Tuesday, July 3, 2012

Pumpkinhead 4: Blood Feud

Pumpkinhead 4: Blood Fued (2007)
Dir. Michael Hurst
Wr. Michael Hurst
Starring Pumpkinhead, Lance Henriksen, etc.

So here we are at the last installment of the PUMPKINHEAD franchise to date, and my, what a ride it’s been. From the surprising respectability of the original to the predictable shittiness of PUMPKINHEAD 2: BLOOD WINGS to the surprising shittiness and respectability of PUMPKINHEAD 3: ASHES TO ASHES, it’s been an emotional roller coaster for that pruney demonic extractor of vengeance via the medium of whacking people with big monster hands that we’ve come to know as Pumpkinhead. He’s lost Lance Henriksen and regained him; gone from Stan-Winston-designed puppet to sub-Sega Saturn quality CGI to his current man-in-suit getup; gone from theatrical film to DTV to Sci-fi-channel special; had an identical son who starred in part 2; gone through no less than three old ladies who play the mountain witch, and in the process burned through untold dozens of generic white TV actors.* So many memories. So many vengeances.

    In my last PUMPKINHEAD review, I noted its reliance on CGI which I said at the time “would look embarrassing on an episode of Hercules: The Legendary Journeys.” Well, someone in the production must have thought the same thing, because to direct a sequel they actually got the one guy who might have a more relevant opinion on that matter than I do: Michael Hurst, who played Kevin Sorbo’s sidekick Iolaus** on that show. Iolaus smartly eschews Part 3’s CGI overreaching, relying instead on the same redesigned man-in-suit Pumpkinhead that I kind of liked last time around (turns out the change was necessary because the original Pumpkinhead had rotted away in storage, so pour one on the curb for the OG Pumpkinman.) He also brings a mildly clever new dynamic to insert our man Pumpkin into, that of the titular blood feud. After the unexpectedly watchable Part 3, I had high hopes that this one (which wikipedia claims, “is considered to be the best of the three sequels and it was more well received”***) would finally deliver on the promise thats been fleetingly on display in the others. I was ready to bask in that old Pumpkinhead charm.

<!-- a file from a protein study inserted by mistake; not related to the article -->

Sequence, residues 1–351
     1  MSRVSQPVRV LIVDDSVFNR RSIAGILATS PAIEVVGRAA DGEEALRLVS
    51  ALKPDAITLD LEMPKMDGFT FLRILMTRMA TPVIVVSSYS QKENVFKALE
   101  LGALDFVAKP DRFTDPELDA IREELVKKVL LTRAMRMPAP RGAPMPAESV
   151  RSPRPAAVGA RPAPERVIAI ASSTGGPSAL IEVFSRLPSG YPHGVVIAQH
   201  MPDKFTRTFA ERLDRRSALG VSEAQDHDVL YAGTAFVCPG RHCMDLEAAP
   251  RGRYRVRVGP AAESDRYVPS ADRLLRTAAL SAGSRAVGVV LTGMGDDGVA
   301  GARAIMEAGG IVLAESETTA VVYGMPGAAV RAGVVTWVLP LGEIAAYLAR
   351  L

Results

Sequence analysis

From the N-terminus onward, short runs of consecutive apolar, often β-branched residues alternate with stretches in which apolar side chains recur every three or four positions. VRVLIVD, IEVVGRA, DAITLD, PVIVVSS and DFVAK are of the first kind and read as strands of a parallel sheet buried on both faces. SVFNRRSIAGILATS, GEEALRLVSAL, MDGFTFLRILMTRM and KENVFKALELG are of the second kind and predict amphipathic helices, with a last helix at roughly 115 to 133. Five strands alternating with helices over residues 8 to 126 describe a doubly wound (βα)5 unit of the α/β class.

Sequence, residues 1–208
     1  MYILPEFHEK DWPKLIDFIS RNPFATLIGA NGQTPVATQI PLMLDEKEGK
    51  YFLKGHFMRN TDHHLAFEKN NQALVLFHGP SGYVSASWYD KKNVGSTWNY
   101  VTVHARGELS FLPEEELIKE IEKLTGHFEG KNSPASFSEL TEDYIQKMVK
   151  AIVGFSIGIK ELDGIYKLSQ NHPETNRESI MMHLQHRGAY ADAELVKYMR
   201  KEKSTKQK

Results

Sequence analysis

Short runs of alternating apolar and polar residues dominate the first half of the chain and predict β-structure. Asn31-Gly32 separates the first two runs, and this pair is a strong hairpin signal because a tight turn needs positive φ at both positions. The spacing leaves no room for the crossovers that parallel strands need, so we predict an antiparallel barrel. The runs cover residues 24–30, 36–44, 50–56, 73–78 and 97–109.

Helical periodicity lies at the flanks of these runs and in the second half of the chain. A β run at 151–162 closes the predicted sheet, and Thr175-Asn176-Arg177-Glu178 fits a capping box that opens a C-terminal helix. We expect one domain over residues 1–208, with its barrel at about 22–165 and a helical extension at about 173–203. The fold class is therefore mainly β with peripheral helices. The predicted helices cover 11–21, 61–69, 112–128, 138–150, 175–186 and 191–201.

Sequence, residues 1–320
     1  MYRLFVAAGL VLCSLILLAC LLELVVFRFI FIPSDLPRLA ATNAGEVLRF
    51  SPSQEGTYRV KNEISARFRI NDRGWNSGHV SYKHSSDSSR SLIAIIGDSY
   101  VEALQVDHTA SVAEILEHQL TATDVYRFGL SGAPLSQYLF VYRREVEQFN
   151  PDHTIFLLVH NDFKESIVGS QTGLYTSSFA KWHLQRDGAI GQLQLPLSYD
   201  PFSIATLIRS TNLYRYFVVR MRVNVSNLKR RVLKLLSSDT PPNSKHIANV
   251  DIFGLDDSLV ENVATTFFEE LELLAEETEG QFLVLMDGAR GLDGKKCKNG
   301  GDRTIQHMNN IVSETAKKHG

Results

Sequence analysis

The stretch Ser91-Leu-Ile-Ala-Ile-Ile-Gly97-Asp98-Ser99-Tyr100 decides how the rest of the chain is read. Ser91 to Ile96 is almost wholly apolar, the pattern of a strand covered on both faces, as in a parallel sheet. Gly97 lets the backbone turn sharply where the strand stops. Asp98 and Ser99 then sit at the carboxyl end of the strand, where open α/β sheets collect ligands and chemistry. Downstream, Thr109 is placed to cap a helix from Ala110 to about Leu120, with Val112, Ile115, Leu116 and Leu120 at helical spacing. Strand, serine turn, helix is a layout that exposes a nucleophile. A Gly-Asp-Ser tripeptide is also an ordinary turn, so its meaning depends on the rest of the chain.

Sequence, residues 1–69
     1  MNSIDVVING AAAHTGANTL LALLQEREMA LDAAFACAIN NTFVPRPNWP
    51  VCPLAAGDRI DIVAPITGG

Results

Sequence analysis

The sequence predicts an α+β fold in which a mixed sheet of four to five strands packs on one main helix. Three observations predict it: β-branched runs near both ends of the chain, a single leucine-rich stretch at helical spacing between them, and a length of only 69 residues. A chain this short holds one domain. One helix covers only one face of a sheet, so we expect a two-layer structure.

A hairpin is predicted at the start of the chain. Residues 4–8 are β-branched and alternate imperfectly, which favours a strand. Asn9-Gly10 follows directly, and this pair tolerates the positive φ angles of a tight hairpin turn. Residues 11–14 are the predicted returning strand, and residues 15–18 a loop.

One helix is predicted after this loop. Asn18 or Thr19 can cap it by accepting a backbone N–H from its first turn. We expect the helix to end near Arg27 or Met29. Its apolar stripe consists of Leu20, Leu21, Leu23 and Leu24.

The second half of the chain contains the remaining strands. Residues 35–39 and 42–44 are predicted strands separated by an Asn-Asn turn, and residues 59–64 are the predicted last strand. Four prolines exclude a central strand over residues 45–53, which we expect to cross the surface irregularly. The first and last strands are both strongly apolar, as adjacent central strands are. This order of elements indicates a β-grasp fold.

Pumpkinhead, upon finding out he'd been cast in this movie.